This is the twelfth essay in the series, A Soft Landing, which explores how we might achieve a more just, equitable society without violent revolution.
As this series evolves, I ricochet between launching test balloons for specific ideas (new Constitution, Universal Service, Universal Basic Income) and advocating for general changes to our social, economic, or political systems (Impact taxes, immigration reform). This essay, the last for a while though probably not the last ever, explores how a concept so boring—insurance—might be appropriated as an approach to achieving greater equity.
The underlying purpose of insurance is simple: pool resources in order to address tragedies that could, in theory, happen to many though, in fact, they will only happen to a few. The bigger the pool of insured, the cheaper an individual’s coverage, because risk is spread wide. Almost all of us insure our homes against fire because, although the chance of our house burning down is small, a fire would be a major personal catastrophe. Since so many of us purchase home insurance, the annual cost is reasonable. This is less true, say, of travel insurance, which is relatively expensive for what it covers because only a small proportion of travelers purchase it. Similarly, many more of us have medical insurance than dental insurance, since a major medical event is more devastating than most dental problems.
Although insurance is a proven way to pool collective risk, like so many aspects of our society, it’s been contorted by our profit hungry system. Insurance has a bad rap; often deserved. Two main reasons. First, the ratio between insurance premiums and distributions to disaster victims often exceeds the mere cost of administration: insurance companies make giant profits. Second, those same companies habitually deny claims. According to the US Department of Labor, about 1 in 7 health insurance claims in the US are denied. The reasons may be simple as misfiled forms, misunderstood scope of coverage, or network provider restrictions. But the result is that many of us—most of us—feel misused by an overly complex system that seems to work better for the insurers than the insured.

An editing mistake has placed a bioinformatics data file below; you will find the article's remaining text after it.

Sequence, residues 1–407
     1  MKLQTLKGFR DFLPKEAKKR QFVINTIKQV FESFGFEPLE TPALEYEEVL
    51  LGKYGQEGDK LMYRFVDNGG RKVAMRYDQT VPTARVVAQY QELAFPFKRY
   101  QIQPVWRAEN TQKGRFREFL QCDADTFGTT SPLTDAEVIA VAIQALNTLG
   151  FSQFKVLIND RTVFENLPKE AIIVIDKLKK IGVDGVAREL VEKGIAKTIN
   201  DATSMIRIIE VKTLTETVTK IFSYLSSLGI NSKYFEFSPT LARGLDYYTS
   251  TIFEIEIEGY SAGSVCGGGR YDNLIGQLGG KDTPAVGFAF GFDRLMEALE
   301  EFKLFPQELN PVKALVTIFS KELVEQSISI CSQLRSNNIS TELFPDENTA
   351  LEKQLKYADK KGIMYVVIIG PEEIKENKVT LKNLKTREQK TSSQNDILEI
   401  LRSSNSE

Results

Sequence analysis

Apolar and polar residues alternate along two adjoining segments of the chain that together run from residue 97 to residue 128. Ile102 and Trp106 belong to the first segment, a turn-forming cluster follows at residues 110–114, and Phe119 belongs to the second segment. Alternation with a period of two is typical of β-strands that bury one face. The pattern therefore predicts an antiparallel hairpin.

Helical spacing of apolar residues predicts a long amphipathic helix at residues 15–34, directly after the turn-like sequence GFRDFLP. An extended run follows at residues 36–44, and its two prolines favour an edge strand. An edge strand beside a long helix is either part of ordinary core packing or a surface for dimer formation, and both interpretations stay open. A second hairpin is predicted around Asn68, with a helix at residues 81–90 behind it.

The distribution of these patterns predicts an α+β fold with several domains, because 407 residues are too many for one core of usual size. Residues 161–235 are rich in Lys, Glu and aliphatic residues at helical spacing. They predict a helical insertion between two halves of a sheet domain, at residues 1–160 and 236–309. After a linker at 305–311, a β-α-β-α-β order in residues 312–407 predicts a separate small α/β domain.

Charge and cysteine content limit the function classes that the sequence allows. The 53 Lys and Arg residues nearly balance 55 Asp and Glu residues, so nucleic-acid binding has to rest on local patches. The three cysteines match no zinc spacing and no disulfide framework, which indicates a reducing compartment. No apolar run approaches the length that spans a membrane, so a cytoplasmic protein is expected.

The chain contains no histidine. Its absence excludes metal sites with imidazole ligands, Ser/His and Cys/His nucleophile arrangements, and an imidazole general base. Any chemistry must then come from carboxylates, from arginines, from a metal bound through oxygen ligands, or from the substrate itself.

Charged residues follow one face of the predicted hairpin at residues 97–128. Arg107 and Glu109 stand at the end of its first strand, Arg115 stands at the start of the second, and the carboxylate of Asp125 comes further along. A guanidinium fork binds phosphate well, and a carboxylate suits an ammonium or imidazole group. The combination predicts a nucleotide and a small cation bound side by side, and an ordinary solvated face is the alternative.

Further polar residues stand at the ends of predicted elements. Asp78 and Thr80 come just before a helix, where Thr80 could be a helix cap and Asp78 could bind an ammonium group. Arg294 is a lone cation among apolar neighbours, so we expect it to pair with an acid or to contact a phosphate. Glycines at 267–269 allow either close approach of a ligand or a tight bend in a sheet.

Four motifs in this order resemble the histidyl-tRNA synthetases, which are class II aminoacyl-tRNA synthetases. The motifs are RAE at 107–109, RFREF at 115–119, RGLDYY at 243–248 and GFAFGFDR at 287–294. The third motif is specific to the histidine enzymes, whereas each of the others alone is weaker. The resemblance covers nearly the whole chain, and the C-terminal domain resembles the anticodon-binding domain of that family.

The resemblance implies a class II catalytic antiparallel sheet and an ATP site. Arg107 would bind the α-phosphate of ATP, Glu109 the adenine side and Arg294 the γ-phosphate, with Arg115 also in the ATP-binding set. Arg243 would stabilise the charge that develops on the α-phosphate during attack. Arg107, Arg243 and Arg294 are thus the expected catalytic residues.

I am fast approaching the demographic most fixated on insurance: senior citizen. Many of my friends are already there. I tend to drift off in bemused reverie whenever conversations detour into opinions about ‘Part B’ and “Prescription Drug Plans.’ When the time comes, I’ll assemble appropriate coverage, though I doubt I’ll make an avocation out of the medical labyrinth.
Within Medicare’ single payer approach, not all plans and all people are treated equally; for those ineligible for Medicare, the United States is an even more unfair place. Add the potential of needing a nursing home, or memory care to your future, and the prevailing attitude is: I don’t have enough money, or enough coverage. Therefore, I must look out for myself.
And so each of us angles to get the right-fit insurance; we scramble to accumulate maximum retirement resources. This is exactly where the powers of economic ‘expansion’ and consumption want us to be: forever worried to purchase more protection against every perceived calamity. This perspective that leads to only one conclusion: I will never have enough.
I cannot save enough money or buy enough insurance to protect me from every misery that could potentially befall me. And yet, since every malady will not befall every person, collectively we have enough to care and comfort us all. Actually, we have more than enough. If only we start to view our assets in a different light. If we pool our resources and share our risk.
Sounds simple. Will be darned difficult to do. Because it requires a sea change in attitude and behavior. It requires that we put trust in a collaborative endeavor rather than personal accounts; that we pay premiums, however defined, rather than private deposits; that we believe we’ll receive the benefits we need, if and when we need them. It requires that everyone honor the intent of the system: that the insured do not abuse; that the insurers do not gouge. It requires that those of us fortunate enough to age easily not grouse about benefits we did not receive; rather that we be grateful that we never suffered the need.
My example focuses on sharing risk in advancing age; my metaphor is insurance. But the concept can be extrapolated to virtually every aspect of our lives. The hallmark of a healthy society is not how it promotes personal gain, how it pits neighbor against neighbor in a zero-sum game that worships winners and castigates losers. The hallmark of a healthy society lies in appreciating that our optimal capabilities are derived from leaning into each other, supporting each other, teaching, housing, feeding, healing each other. An equitable society acknowledges and celebrates individual ability and achievement, and then channels those attributes to benefit everyone. Consider it social insurance.